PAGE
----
The Not-Quite States of America: Dispatches from the Territories and Other Far-Flung Outposts of the USA by Doug Mack: I listened to this book, which tells the stories of the various US territories, lack of consistency in defining these territories, and the people who live there. Some can vote in US elections, others can’t. Some are American citizens, some aren’t. Using cell phone data is roaming or international in some places but not in others. This book is one part history and politics, one part memoir (the author did visit all these territories, after all), and two parts stories of the people living on these islands, all told with an enthusiastic and fun voice. I found this book especially pertinent given that Hurricane Maria was making its way through the US Virgin Islands and Puerto Rico while I listened. If you’re curious about these territories and want to learn a little more, this book is a good place to start. (4 out of 5 territories)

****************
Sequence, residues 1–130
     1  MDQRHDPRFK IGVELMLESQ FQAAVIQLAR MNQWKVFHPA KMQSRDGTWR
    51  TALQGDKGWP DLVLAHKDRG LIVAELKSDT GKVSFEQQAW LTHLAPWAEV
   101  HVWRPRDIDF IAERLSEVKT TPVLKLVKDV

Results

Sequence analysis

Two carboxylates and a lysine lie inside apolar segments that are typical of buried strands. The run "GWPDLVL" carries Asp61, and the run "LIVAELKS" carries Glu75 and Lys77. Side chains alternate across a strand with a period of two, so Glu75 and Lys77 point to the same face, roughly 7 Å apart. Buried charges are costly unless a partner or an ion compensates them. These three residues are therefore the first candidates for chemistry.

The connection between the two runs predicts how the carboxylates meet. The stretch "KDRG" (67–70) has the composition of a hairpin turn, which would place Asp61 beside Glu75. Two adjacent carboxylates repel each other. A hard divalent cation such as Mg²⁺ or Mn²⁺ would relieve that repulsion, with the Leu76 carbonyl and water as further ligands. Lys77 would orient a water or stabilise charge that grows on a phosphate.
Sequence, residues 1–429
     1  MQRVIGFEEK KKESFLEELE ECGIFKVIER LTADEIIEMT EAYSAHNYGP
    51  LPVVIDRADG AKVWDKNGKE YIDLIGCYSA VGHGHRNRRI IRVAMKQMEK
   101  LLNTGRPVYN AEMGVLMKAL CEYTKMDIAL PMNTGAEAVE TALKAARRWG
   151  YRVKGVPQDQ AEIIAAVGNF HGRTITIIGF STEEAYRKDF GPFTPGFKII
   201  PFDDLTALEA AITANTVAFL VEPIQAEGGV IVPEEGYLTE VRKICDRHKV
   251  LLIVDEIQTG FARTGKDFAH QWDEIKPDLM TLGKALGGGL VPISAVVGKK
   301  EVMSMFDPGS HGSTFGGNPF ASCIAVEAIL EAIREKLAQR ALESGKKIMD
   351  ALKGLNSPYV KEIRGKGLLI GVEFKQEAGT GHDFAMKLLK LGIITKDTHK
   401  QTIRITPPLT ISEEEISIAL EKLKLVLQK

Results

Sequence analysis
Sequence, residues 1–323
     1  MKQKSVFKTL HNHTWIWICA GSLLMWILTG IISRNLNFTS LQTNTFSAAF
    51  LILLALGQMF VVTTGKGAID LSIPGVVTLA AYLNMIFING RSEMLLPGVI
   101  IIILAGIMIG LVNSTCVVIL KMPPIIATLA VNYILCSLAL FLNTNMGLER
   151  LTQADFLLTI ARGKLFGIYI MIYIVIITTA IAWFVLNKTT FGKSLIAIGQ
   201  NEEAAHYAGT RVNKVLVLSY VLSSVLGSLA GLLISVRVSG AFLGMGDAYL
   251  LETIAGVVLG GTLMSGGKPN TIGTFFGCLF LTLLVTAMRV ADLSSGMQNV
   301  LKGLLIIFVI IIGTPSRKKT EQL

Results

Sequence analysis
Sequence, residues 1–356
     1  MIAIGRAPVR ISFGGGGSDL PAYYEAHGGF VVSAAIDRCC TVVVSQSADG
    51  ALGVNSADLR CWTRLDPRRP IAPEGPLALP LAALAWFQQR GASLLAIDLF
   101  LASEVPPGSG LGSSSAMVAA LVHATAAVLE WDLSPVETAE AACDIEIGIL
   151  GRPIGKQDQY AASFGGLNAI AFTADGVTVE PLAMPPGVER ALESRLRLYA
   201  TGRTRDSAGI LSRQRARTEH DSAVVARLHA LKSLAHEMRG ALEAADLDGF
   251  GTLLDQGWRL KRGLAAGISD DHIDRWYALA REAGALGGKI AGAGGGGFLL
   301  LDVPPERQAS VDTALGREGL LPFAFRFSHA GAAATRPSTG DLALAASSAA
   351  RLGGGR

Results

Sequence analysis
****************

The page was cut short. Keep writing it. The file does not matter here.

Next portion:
Our Dark Duet by Victoria Schwab: This book is the sequel to This Savage Song, and boy am I glad I picked it up at the library just before finishing the first book. I have to confess, though: I liked this book a little bit less than the first book. Not sure why, though. The prose is precise, and while I liked the characters in Verity, I wasn’t too impressed with the characters outside of Verity, which is probably why that part of the book lagged for me. Still, I enjoyed the book and want to read more of this author’s stuff. (And uh, there’s not too much of it left.) (4 out of 5 monsters)

Tears We Cannot Stop: A Sermon to White America by Michael Eric Dyson: I listened to this book in late September, and it is beautiful. As a half-white person who can regularly pass as white “enough”, this book was stunning. Go read this. It’s short and you’ll get so much out of the book that you’ll be thinking about the material for far longer than it took you to read it. (5 out of 5 striking points)